More polemical was students’ interest in whether the team could travel by train rather than plane to the nearby away fixtures. From the players’ perspective, taking the train raised security concerns, doubts over train availability, and worries over the increased travel time involved.

“Students defined the questions relating to sustainability and provided ‘solutions’ – and the footballers responded,” said Deisting. “The students directly involved themselves in how best to manage a professional football club.”

Students took away three key learning points from that experience:

• Collaboration between students, teachers and partners is a key success factor for any corporate social responsibility project;

• Creativity and innovation are important in making activities attractive and relevant; and

• The NSCSD is effective in promoting social and environmental innovation.

‘The planet is burning’

The NSCSD comprises 20 volunteer students from PRISM and 20 from B3D, plus two organisers. Both the organisers and volunteer students are selected each year by the previous year’s organisers in a job interview-type process which involves applicants being grilled on their knowledge of sustainability issues and social diversity, as well as their motivation to contribute.

Esther Susset (21), who is doing a masters in management and business, is part of PRISM and, together with the others in the NSCSD, helped set up the two-day conference. “We organise smaller activities throughout the year, like self-defence classes for women or outside speakers talking about partnerships or equality, but the main focus is the two-day conference,” she said.

Susset’s specific role in the conference was to introduce the main speaker from a company called Biocenys, which promotes biodiversity by carrying out assessments of firms. (They may recommend that an organisation that is making insufficient social impact undertakes counselling sessions or, for example, participates in beekeeping.)

“Following the talk, I encouraged students to ask questions and reflect on what the speaker said,” she said. “I had other tasks around welcoming people and making sure the whole event ran smoothly, and of course attending events myself, like the Goliath movie [a 2022 film about an investigation into pesticide use].”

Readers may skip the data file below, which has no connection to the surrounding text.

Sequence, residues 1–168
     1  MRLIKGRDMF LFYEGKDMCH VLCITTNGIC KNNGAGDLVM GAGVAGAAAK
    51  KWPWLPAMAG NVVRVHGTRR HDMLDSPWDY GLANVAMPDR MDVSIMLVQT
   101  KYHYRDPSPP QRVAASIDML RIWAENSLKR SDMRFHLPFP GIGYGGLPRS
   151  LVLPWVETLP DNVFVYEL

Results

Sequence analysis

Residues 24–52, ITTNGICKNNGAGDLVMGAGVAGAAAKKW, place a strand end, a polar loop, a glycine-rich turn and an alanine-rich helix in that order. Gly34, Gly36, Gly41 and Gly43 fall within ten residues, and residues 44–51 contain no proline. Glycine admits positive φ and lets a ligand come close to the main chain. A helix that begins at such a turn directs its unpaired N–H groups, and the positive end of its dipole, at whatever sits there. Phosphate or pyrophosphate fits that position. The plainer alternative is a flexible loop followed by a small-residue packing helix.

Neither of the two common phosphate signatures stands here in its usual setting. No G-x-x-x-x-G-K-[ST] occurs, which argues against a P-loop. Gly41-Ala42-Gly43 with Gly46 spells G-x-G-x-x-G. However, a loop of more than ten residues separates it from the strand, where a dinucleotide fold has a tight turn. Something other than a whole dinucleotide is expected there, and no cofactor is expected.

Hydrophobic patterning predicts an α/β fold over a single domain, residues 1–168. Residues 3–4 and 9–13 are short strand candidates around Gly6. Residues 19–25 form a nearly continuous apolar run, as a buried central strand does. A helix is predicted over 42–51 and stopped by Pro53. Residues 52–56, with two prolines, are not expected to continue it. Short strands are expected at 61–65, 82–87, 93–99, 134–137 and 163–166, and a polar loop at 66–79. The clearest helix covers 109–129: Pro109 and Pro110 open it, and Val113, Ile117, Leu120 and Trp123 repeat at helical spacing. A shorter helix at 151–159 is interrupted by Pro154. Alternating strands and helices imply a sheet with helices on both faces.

Susset feels the biggest challenge in organising the conference came at the start of the year when some students had less motivation or were too busy to participate; but it all came together at the end.

Another difficulty was around the students’ plan to establish a pop-up store during the conference to sell reusable water containers, recycled paper and sustainable pens, for example, but that idea had to be shelved in favour of other priorities.

Speakers cancelling caused another headache, but in the end those issues were also resolved. “I arrived too late to vote for the main speaker this year, but I definitely will do so next,” she said.

How does TSB succeed in creating the right environment for students to engage in and lead sustainability and diversity issues?

“First, by new students seeing other highly motivated students from the previous year,” replied Susset. “Second, we had classes on biodiversity that encouraged everyone to want to learn and share different points of view. And third, the eco-award competition that allows us to vote for the best new project is both fun and highly motivating. We want to know who will win!” she said.

Susset is driven to make a positive impact on the environment because she says the planet is burning and there is no future if the economy is unsustainable.

“We will be the managers of tomorrow and it is important we have a vision, make good choices and are good human beings,” she said. “There are a lot of things to be done.”